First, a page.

appearance: 'primary' | 'ghost';
    children: ReactNode;
}
2

I solve this code for me, you just have to import ButtonHTMLAttributes from react and that's it

import { ButtonHTMLAttributes } from "react";

interface MyButtonProps extends ButtonHTMLAttributes<HTMLButtonElement> {
    children: any;
}

export const MyButton = (props: ButtonI) => {
    const { children } = props;
 
    return <button {...props}>{children}</button>;
};
1
import {  FC, HTMLProps } from 'react';

const Input: FC<HTMLProps<HTMLInputElement>> = (props) => {
  return <input {...props} />;
};
0
  private yourMethod(event: React.MouseEvent<HTMLButtonElement>): void {
  event.currentTarget.disabled = true;
  }  

 <Button
 onClick={(event) => this.yourMethod(event)}
 />
0

I encountered the same issue today and here is how I fixed it:

ReactButtonProps.ts

import {
  ButtonHTMLAttributes,
  DetailedHTMLProps,
} from 'react';

/**
 * React HTML "Button" element properties.
 * Meant to be a helper when using custom buttons that should inherit native "<button>" properties.
 *
 * @example type MyButtonProps = {
 *   transparent?: boolean;
 * } & ReactButtonProps;
 */
export type ReactButtonProps = DetailedHTMLProps<ButtonHTMLAttributes<HTMLButtonElement>, HTMLButtonElement>;

Usage in Button-ish component:

import classnames from 'classnames';
import React, { ReactNode } from 'react';
import { ReactButtonProps } from '../../types/react/ReactButtonProps';

type Props = {
  children: ReactNode;
  className?: string;
  mode?: BtnMode;
  transparent?: boolean;
} & ReactButtonProps;


const BtnCTA: React.FunctionComponent<Props> = (props: Props): JSX.Element => {
  const { children, className, mode = 'primary' as BtnMode, transparent, ...rest } = props;
  
  // Custom stuff with props

  return (
    <button
      {...rest} // This forward all given props (e.g: onClick)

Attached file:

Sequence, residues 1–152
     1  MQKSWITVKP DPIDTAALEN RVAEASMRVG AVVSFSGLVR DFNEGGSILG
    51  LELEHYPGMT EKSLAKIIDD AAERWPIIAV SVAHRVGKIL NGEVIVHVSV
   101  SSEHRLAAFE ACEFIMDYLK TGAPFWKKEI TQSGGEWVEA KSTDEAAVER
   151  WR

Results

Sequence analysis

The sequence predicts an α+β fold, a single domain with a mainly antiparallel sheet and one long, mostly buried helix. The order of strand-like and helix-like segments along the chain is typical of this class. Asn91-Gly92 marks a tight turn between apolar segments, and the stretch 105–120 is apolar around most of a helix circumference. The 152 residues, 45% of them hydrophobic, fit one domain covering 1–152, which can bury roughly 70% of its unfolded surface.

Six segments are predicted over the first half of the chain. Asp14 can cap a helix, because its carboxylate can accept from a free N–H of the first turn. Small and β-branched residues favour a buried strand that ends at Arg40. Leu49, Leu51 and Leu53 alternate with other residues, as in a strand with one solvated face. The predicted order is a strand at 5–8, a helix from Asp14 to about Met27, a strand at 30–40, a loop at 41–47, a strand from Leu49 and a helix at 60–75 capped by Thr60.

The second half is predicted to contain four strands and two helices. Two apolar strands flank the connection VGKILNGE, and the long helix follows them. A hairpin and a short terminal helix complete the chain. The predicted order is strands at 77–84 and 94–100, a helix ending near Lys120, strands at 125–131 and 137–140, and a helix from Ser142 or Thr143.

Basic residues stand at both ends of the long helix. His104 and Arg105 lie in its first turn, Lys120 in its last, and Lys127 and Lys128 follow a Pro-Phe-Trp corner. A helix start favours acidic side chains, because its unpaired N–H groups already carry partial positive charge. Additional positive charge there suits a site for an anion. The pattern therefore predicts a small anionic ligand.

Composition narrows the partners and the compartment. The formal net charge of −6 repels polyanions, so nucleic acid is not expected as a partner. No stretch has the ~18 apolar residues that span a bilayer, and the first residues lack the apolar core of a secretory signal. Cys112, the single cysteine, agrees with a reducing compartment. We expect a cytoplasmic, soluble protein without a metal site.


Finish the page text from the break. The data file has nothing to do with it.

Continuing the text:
className={classnames('btn-cta', className)}
    >
      {children}
    </button>
  );
};

export default BtnCTA;

Usage:

<BtnCTA className={'test'} onClick={() => console.log('click')}>
  <FontAwesomeIcon icon="arrow-right" />
  {modChatbot?.homeButtonLabel}
</BtnCTA>

I can now use onClick because it's allowed due to extending from ReactButtonProps, and it's automatically forwarded to the DOM through the ...rest.

0

I got this to work. Somehow, extending the props by using the HtmlHTMLAttributes did not work on my end. What worked was using the ComponentPropsWithoutRef like below:

import clsx from "clsx"
import { FC } from "react";

 interface InputProps
  extends React.ComponentPropsWithoutRef<'input'>{
    className?: string;
  }

const Input: FC<InputProps> = ({ className, ...props}) => {
  return (
    <input
    className={clsx('border-solid border-gray border-2 px-6 py-2 text-lg rounded-3xl w-full', className)}
     {...props} />
  )
}

export default Input

Then I could use the usual Input props as such:

              <Input
                required
                placeholder="First Name"
                value={formState.firstName}
                className="border-solid border-gray border-2 px-6 py-2 text-lg rounded-3xl w-full"
                onChange={(e) =>
                  setFormState((s) => ({ ...s, firstName: e.target.value }))
                }
              />
   
1
  • If anyone has an explanation on why would be greatly appreciated. Commented Jun 13, 2023 at 15:12
0

Easy way for any element

interface YOUR_INTERFACE_NAME extends YOUR_ELEMENT_TYPE{
props which you want to add or use in other elements
}

EXAMPLE FOR INPUT

interface MyInput extends InputHTMLAttributes<HTMLInputElement> {
name: string;
label: string;
...
}

EXAMPLE FOR BUTTON

interface MyButton extends ButtonHTMLAttributes<HTMLButtonElement> {
name: string;
label: string;
...
}

USE SAME PATTERN FOR ALL OTHER ELEMENTS -- import those types from react or just add REACT. before them